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dc.rights.licenseRestricted to current Rensselaer faculty, staff and students. Access inquiries may be directed to the Rensselaer Libraries.
dc.contributorOliveros, Pauline, 1932-
dc.contributorStaniszewski, Mary Anne
dc.contributorDeMaison, Nicholas
dc.contributorMoore, Stephan
dc.contributor.authorCook, Brian
dc.date.accessioned2021-11-03T08:30:19Z
dc.date.available2021-11-03T08:30:19Z
dc.date.created2015-10-07T16:01:31Z
dc.date.issued2015-08
dc.identifier.urihttps://hdl.handle.net/20.500.13015/1574
dc.descriptionAugust 2015
dc.descriptionSchool of Humanities, Arts, and Social Sciences
dc.descriptionLarge supplemental files are available on DVD included with the print format of this thesis.
dc.description.abstractThe purpose of this paper is to expose some of the key components that drove the creation and conceptualization of Mappings by contextualizing the work in four ways. Chapter One will explore how a number of influential site- specific works use space as a medium for communication. This will function as a preface to Chapter Two, which will analyze how Mappings uses physical space to expose an autobiographical composition about memory and decay. Chapter Three will focus on the technical aspects of the installation, and finally, a brief conclusion will reflect on the work and clue towards future development.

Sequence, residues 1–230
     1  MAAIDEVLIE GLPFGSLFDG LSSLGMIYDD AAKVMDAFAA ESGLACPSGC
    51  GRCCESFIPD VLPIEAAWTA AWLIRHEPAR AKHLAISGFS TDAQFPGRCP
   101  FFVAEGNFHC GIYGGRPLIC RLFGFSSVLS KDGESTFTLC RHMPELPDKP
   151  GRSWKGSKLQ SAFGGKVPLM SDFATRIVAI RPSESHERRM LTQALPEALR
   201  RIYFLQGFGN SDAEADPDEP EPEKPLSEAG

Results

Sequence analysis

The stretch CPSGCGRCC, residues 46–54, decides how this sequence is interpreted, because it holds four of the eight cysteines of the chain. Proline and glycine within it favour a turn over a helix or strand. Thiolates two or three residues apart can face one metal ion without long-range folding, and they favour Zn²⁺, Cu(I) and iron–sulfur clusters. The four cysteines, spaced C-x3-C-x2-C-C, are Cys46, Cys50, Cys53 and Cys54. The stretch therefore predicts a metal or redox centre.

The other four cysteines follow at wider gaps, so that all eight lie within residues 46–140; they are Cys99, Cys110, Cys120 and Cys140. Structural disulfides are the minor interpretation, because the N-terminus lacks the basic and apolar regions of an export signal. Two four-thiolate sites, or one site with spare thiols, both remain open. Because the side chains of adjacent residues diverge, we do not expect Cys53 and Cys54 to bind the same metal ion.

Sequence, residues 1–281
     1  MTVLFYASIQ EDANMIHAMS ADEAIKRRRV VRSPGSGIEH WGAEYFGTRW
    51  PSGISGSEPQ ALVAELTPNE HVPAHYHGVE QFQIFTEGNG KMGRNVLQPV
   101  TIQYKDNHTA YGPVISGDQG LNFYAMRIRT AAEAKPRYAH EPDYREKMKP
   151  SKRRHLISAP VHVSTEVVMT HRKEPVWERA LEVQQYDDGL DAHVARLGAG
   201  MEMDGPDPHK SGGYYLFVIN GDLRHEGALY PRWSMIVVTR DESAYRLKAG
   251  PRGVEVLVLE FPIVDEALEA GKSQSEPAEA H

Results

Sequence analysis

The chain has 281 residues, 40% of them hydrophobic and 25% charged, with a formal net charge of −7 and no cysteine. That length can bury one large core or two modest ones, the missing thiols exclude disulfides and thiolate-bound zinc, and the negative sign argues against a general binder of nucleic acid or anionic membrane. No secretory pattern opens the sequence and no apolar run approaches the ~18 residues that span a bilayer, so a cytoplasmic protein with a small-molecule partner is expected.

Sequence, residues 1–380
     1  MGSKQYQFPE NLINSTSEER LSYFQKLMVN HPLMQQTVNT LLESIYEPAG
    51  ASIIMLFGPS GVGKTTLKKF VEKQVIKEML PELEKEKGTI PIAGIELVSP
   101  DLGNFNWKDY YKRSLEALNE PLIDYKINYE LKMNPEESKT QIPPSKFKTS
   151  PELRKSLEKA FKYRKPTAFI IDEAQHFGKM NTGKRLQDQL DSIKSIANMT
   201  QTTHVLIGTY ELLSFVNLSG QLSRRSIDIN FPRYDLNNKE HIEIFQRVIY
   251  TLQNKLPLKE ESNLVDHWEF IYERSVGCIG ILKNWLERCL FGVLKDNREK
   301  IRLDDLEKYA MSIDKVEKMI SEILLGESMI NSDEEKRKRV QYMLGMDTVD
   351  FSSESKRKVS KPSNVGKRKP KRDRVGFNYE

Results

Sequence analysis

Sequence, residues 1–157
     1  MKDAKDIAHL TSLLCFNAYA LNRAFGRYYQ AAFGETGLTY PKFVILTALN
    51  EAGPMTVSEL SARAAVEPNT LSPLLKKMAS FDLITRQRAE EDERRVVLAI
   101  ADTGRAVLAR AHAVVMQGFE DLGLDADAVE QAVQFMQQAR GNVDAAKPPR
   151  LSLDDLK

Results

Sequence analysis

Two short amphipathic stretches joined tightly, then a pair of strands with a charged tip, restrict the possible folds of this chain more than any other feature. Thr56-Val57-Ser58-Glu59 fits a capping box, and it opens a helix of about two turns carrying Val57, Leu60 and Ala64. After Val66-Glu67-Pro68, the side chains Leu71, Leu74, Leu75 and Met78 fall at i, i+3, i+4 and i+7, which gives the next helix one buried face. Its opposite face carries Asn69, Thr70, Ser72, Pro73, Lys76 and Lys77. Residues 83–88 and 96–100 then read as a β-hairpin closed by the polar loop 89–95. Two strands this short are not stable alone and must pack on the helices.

dc.description.abstractMappings is an interactive wall-drawing installation that was on display in the West Hall Gallery of Rensselaer Polytechnic Institute on the tenth, eleventh, and thirteenth of April, 2015. The piece is visually composed of an incomplete trail map of Mount Greylock State Park traced directly onto the wall in grease pencil. The State Park map serves as a spacial framework for over fifty field recordings that can be activated and navigated through touch.
dc.language.isoENG
dc.publisherRensselaer Polytechnic Institute, Troy, NY
dc.relation.ispartofRensselaer Theses and Dissertations Online Collection
dc.subjectElectronic arts
dc.titleMappings: setting, memory, and decay
dc.typeElectronic thesis
dc.typeThesis
dc.digitool.pid176856
dc.digitool.pid176857
dc.digitool.pid176859
dc.rights.holderThis electronic version is a licensed copy owned by Rensselaer Polytechnic Institute, Troy, NY. Copyright of original work retained by author.
dc.description.degreeMFA
dc.relation.departmentDept. of the Arts


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